Elasticity for the Enterprise -- Ensuring Continuous High Availability in a Disaster Failure Scenario

Many enterprises' high-availability architecture is based on the assumption that you can prevent failure from happening by putting all your critical data in a centralized database, back it up with expensive storage, and replicate it somehow between the sites. As I argued in one of my previous posts (Why Existing Databases (RAC) are So Breakable!) many of those assumptions are broken at their core, as storage is doomed to failure just like any other device, expensive hardware doesn’t make things any better and database replication is often not enough.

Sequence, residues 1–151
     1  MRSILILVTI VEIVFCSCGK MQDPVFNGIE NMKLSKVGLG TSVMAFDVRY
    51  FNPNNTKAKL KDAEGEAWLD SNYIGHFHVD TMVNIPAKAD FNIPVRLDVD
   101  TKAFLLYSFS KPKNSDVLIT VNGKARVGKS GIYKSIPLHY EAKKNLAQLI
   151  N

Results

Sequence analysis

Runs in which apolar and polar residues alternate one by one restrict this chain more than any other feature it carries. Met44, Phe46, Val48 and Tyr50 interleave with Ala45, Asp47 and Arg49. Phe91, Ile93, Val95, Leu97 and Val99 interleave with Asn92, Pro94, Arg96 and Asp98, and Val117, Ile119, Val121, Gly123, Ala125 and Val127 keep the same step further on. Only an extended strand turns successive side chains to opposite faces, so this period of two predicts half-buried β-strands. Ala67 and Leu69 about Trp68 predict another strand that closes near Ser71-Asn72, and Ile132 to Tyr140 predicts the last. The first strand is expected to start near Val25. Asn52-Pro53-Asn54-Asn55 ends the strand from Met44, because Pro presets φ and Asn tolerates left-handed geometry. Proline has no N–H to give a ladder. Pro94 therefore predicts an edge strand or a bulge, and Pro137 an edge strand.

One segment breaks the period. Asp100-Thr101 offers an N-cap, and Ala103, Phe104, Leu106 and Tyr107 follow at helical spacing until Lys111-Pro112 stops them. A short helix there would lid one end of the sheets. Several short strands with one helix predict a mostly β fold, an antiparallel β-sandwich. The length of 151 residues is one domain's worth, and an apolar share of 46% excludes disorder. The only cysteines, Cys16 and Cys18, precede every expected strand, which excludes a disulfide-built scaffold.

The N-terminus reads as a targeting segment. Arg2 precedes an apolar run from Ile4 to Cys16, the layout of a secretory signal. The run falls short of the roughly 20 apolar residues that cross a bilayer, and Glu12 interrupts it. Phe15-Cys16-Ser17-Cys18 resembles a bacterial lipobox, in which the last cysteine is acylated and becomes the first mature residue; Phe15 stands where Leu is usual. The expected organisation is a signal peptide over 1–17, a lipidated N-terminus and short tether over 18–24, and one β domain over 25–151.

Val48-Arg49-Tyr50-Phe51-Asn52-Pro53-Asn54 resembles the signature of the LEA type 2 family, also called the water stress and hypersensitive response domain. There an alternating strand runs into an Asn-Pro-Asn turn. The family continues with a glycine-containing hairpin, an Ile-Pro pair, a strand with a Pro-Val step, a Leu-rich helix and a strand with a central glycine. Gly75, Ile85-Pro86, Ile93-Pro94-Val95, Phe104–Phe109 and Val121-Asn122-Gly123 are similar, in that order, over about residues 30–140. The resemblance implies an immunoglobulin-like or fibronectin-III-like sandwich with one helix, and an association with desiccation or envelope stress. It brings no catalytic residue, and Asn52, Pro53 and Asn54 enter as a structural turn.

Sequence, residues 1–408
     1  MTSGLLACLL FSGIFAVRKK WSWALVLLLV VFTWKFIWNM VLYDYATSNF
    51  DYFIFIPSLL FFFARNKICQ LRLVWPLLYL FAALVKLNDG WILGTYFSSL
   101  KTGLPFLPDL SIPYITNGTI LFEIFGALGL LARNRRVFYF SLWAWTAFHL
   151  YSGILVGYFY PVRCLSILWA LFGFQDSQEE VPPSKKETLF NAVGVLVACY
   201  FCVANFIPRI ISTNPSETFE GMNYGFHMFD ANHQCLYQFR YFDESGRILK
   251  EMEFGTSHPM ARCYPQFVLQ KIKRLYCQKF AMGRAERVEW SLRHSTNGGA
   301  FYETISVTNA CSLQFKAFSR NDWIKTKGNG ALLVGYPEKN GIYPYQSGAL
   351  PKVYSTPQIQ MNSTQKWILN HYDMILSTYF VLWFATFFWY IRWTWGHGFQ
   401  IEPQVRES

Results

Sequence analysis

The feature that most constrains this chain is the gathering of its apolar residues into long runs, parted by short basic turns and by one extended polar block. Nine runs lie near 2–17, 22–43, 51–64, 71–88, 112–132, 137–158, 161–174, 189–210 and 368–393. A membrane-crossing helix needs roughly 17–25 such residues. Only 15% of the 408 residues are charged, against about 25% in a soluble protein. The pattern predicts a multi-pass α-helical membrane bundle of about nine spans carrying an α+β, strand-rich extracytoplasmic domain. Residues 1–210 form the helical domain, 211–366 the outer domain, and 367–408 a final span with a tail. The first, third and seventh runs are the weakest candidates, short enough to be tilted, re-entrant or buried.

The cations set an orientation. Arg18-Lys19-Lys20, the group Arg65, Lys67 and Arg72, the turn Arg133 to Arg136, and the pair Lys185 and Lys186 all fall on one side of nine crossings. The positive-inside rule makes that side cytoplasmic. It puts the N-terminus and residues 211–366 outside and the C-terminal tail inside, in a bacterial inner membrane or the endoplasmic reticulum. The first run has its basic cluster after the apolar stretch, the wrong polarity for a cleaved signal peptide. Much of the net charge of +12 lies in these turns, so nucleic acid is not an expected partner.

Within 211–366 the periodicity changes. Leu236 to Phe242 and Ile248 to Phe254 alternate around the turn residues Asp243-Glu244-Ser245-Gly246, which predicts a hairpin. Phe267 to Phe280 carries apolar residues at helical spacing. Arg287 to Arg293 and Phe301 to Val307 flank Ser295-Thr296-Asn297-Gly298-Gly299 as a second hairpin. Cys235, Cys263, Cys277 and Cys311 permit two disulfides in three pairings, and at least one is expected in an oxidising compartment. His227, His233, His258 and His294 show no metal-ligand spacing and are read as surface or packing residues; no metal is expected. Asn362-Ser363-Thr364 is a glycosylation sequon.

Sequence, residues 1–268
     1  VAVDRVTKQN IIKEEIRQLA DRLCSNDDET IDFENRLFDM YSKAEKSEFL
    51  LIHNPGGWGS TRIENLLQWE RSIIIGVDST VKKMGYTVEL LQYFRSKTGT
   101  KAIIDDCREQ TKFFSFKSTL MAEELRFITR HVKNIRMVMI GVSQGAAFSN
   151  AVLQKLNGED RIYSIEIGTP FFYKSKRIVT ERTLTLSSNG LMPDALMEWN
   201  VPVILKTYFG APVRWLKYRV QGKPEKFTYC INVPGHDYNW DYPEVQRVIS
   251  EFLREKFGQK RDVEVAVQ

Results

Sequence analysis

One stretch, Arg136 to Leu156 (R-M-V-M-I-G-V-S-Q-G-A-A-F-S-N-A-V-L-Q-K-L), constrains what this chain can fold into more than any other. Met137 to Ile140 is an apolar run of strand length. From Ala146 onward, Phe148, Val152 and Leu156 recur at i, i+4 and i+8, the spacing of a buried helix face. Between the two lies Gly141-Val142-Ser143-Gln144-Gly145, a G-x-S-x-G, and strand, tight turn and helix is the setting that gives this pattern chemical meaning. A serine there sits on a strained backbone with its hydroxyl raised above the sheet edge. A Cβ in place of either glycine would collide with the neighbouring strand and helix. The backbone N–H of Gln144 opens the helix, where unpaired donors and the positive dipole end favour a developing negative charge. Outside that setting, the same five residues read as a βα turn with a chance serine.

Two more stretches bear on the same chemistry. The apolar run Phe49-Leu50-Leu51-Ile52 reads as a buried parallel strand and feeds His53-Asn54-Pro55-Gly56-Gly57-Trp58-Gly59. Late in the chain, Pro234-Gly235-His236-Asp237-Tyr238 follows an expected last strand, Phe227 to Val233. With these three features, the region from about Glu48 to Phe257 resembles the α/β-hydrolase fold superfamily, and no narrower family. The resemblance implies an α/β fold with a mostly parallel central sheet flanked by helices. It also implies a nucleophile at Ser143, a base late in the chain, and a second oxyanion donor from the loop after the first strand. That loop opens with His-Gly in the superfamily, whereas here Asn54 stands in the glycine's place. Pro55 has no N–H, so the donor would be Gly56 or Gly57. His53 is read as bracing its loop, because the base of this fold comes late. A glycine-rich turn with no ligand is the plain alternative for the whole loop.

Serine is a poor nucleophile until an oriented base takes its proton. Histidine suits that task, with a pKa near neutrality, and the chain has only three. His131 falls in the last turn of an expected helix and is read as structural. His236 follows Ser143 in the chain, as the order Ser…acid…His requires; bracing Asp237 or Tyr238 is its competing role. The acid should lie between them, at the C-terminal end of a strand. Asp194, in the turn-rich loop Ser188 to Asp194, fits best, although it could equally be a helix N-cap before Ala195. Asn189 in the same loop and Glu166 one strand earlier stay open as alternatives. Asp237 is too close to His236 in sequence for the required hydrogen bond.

One of the main lessons that we can take from the likes of Amazon and Google is that the right way to ensure continuous high availability is by designing our system to cope with failure. We need to assume that what we tend to think of as unthinkable will probably happen, as that’s the nature of failure. So rather than trying to prevent failures, we need to build a system that will tolerate them.

As we can learn from a recent outage event in one of Amazon's cloud data centers

, we can’t rely on the data center alone to solve this type of failure. The knowledge of how to manage failure must be built into our application:

"By launching instances in separate Availability Zones, you can protect your applications from failure of a single location," Amazon notes in a FAQ

on its Elastic Compute Cloud service"

In this post i discussed how a leading wall street firm managed to apply those same principles to handle such a disaster failure scenario while ensuring  continues availability of their real time web application.

You can read the full details here